Custody relates to making major decisions for the child, such as decisions on the child’s religion, education and/or healthcare issues.
The Court generally grants both parents with joint custody, as the Court places importance on maintaining parental bonds for both parents in the upbringing of the child.
An order for sole custody is rare and only given in extreme circumstances involving a history of abuse for example.
Care and Control relates to the parent with whom the child lives with on a daily basis. The Court will assess which parent has been the primary caregiver of the child, and applies the welfare principle where paramount consideration shall be in the best interests of the child.
At times, depending on the child’s age and maturity level, the Court may consider the child’s opinion by way of conducting interviews or by appointing a Child Representative to evaluate the matter.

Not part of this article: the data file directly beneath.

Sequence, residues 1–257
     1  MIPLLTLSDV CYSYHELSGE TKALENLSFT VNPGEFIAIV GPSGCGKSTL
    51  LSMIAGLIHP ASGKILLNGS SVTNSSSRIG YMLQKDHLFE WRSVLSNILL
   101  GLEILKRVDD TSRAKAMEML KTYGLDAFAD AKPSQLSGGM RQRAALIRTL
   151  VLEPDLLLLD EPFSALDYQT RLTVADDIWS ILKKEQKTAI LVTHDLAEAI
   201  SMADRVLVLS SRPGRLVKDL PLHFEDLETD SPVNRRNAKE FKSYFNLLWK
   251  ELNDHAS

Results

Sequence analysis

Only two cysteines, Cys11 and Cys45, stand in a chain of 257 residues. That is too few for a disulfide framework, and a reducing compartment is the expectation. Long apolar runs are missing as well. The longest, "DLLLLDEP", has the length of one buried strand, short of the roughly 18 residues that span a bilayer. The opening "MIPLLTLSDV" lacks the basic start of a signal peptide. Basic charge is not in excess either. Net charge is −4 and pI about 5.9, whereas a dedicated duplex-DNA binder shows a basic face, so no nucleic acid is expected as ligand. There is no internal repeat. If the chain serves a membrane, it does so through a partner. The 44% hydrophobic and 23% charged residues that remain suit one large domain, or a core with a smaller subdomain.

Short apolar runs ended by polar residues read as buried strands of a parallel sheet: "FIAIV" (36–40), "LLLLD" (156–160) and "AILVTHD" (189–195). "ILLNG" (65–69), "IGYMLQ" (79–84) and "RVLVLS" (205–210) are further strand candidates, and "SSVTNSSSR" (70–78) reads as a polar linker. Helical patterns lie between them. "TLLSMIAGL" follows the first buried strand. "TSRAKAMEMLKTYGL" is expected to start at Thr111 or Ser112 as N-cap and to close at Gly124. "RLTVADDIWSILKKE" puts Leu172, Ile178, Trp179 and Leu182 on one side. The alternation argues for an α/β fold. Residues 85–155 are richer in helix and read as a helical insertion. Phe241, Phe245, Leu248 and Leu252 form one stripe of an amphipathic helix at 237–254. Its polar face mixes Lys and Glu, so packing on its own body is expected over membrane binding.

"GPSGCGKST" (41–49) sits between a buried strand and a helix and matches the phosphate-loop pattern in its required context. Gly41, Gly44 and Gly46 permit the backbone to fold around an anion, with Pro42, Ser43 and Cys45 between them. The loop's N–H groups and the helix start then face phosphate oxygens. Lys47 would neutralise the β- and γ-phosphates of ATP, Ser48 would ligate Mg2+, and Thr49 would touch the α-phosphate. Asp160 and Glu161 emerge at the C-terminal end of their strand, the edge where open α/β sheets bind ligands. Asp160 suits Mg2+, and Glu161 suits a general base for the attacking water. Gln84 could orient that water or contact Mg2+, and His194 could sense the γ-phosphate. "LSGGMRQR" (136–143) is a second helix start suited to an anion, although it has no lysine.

Can divorce be done amicably? Alternatives to the litigation process
Yes, as explained above, if parties have an agreement, parties can proceed amicably by way of an uncontested simplified process.
We commonly suggest for parties to discuss and/or engage in Without Prejudice negotiations prior to the filing of divorce. Parties can better understand each other’s positions and if there is mutual consent on the issues, this would avoid the adversarial process of going through litigation.
Doing so would align with the Therapeutic Justice approach as highlighted by the Singapore Courts. We list out the following suggestions:
- Engaging in private discussions with each other;
- Arranging for a private mediation together with a 3rd party mediator and lawyers;
- Organising a private meeting with lawyers only; or
- Opting to go through the Collaborative Divorce process.
There are a number of important decisions that you have to make during the divorce process. The information provided above is intended to help you recognize some of the issues that will come to your mind.